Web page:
Southend Corporation Bus Fleet
Albion Lowlander LR7 with Alexander H41/29F bodies, built 1963
Since the purchase of the AEC Bridgemasters in 1959 and 1960, the Leyland group had developed their own lowheight bus in the form of the Lowlander. Unlike the Bridgemaster this had a separate chassis, allowing customers freedom in their choice of bodybuilder. For the first and only time Southend turned to the Falkirk works of Walter Alexander & Co for the front entrance bodies. The complete buses seated 70, numbered 323-32, were delivered in March 1963. Despite carrying Leyland badges on the 'St Helens' style glass fibre front cowls, the chassis were actually built in the Albion factory in Glasgow and this was acknowledged by the small Albion badge on the flap over the radiator filler cap. Many mechanical components, including the 0600 engine, were common with the Leyland Titan. The ten Lowlanders were the last Southend buses to be delivered with a blue painted roof, until an error in the specifications resulted in 21 of the 1971 Fleetlines appearing thus painted, much to the surprise of the Southend management!
In the following photos, the Lowlanders have been repainted in the changed livery introduced in 1964 - gone is the blue roof, the cream area around the windows has been reduced and the black SOUTHEND CORPORATION TRANSPORT fleetname has gone, leaving just the crest and legal lettering to identify the operator - in the later pictures, the crest has moved alongside SOUTHEND TRANSPORT in the cream band, just behind the door. The later pictures also reveal the minimal modifications made in 1969/70 to adapt the buses for OMO. Two PAYE signs were added, the cab bulkhead was modified to include a small box housing the ticket machine and a periscope to enable the driver to view the top deck was added. The Lowlanders were universally detested by the OMO drivers - the cabs had insufficient room to turn round properly, the driving position was too high in comparison with the low floor in the entrance, the steering was heavy and the so called 'synchromesh' gearbox was awkward to say the least!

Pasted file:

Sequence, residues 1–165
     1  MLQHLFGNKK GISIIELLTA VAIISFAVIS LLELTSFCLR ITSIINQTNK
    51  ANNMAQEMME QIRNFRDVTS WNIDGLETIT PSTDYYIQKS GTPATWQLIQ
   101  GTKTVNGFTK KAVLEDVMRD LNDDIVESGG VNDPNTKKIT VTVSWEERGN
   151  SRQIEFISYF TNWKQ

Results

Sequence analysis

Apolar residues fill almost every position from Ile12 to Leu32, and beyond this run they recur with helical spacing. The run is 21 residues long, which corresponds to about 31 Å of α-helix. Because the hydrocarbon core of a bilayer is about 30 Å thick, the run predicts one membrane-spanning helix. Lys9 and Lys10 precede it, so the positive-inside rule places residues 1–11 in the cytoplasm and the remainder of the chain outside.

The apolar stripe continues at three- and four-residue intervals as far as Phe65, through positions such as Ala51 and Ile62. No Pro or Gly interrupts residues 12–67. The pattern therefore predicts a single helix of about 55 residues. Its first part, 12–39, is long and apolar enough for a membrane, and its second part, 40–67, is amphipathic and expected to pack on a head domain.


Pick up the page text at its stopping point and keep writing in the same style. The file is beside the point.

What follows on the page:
329 was the first to be withdrawn in 1972 followed by 324 and 330 in 1973.
328 is seen here with Alder Valley in October 1974.
326 seen back in Southend in 1975
The remaining seven were hired to Alder Valley where they operated in the Reading area at various times between April 1974 and early 1975. 331 was the next to be withdrawn in 1975, followed by 323/5/6/7 and 332 in 1976 and finally 328 in 1977.
326 being prepared for the Olympics
326 in Canada years later
326 was shipped to Alberta, Canada and used as team transport during the Commonwealth Games in 1978
Many thanks to Richard Delahoy for his kind permission to include extracts from his book in this page and also to Richard, Brian Pask, John Lidstone, Paul Harrison, Ian Banks and Paul Bateson for supplying some of the pictures.